The New York Times reports that – according to documents leaked by NSA whistleblower Edward Snowden – intelligence agencies in the United States and UK have infiltrated the online MMORPG World of Warcraft.
Their intention it seems, is not to prance around imagining that they are a madrigal-singing Elf, but instead to scoop up data and conduct surveillance on “people” of interest.
Fearing that terrorist or criminal networks could use the games to communicate secretly, move money or plot attacks, the documents show, intelligence operatives have entered terrain populated by digital avatars that include elves, gnomes and supermodels.
Because militants often rely on features common to video games — fake identities, voice and text chats, a way to conduct financial transactions — American and British intelligence agencies worried that they might be operating there, according to the papers.
In short, it wasn’t enough that they were snooping on email conversations, able to tap phone calls, weaken encryption standards, use sophisticated hacking techniques to install spyware on targeted computers… they needed to extend their range to Middle Earth and Xbox Live as well.
Well, yes, obviously online games which include chat or IM facilities do provide a method for people to communicate. And I suppose that games that include virtual characters could also communicate *visually* (for instance, lopping an orc’s head off with the bronze axe might mean launch the attack next Friday).
But how practical is it to have a team of spies sniffing around World of Warcraft to see what they might find?
How about all these people playing Draw Something who might be doodling secret messages to fellow criminals or conspirators. It’s hard enough for people to guess what’s being drawn… it boggles the mind to imagine that a bad guy could be using it to send coded messages to their partners in crime, and that some poor sucker at the NSA is going to be scratching his head trying to work out what they really represent.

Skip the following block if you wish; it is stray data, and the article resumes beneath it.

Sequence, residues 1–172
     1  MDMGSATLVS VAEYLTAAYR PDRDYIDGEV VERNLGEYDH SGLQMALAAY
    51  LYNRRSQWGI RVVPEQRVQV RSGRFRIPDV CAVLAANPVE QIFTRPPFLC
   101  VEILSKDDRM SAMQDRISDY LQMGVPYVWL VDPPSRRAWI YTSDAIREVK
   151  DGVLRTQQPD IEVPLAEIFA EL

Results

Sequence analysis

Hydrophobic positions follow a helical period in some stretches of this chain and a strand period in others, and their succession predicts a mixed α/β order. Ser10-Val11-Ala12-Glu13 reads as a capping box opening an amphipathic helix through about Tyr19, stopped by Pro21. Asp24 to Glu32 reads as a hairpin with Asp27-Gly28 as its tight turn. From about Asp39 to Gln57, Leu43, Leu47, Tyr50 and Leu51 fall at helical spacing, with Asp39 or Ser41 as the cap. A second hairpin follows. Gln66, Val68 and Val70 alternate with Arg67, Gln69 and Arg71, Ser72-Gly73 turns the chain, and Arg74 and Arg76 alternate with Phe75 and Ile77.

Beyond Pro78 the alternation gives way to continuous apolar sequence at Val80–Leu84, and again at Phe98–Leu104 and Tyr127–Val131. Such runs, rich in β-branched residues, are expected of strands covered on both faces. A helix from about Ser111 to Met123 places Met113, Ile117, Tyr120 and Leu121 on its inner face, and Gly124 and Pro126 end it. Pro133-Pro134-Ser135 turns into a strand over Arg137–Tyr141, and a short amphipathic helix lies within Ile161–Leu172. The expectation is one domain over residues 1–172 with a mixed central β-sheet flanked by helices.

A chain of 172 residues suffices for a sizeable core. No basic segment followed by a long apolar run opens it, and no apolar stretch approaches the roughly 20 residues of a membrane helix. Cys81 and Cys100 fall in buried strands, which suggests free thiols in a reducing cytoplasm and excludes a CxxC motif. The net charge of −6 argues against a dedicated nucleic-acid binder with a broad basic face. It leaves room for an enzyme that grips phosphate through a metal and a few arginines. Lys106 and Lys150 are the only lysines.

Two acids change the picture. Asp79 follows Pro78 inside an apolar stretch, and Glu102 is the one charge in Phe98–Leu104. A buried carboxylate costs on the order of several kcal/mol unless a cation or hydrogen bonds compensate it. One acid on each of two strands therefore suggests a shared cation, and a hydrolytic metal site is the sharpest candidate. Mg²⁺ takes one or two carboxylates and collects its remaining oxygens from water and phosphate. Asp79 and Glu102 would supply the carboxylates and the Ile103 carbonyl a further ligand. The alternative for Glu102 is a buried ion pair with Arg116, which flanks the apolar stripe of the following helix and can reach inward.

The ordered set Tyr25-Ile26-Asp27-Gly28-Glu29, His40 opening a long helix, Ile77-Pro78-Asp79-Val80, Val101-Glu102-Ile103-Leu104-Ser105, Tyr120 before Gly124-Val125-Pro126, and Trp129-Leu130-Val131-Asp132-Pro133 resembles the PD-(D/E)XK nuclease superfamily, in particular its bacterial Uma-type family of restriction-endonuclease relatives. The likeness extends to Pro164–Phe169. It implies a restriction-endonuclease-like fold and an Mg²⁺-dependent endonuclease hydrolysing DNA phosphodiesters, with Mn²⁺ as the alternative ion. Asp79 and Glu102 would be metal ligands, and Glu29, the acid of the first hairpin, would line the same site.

I guess the important thing is to ask the question: was surveillance on online games like World of Warcraft successful? Did it foil any terrorist plots?
Sadly, no information about the success of the surveillance has been presented.
What we do know from the documents is that at one time there were so many spies from various agencies snooping around the virtual world of Second Life, that steps had to be taken to prevent intelligence officers bumping into each other, and wasting their time spying on colleagues.
But for all their enthusiasm — so many C.I.A., F.B.I. and Pentagon spies were hunting around in Second Life, the document noted, that a “deconfliction” group was needed to avoid collisions — the intelligence agencies may have inflated the threat.
There is no doubt that intelligence agencies are interested in who people communicate with, who their friends and associates are, and that is true both offline and online.
But can video games be used for more than just communicating?
The leaked documents – which date from 2008 – attempt to argue that video games can provide a virtual training-group for wannabe terrorists. Predictably, they link the threat to 9/11.
These games offer realistic weapons training (what weapon to use against what target, what ranges can be achieved, even aiming and firing), military operations and tactics, photorealistic land navigation and terrain familiarization, and leadership skills. While complete military training is best achieved in person, perfection is not always required to accomplish the mission. Some of the 9-11 pilots had never flown a real plain, they had only trained using Microsoft’s Flight Simulator.
I would probably argue that there’s a difference between hours playing Microsoft Flight Simulator and a game where you are mostly encountering gnomes.
Read more about the leaked documents in the New York Times report.
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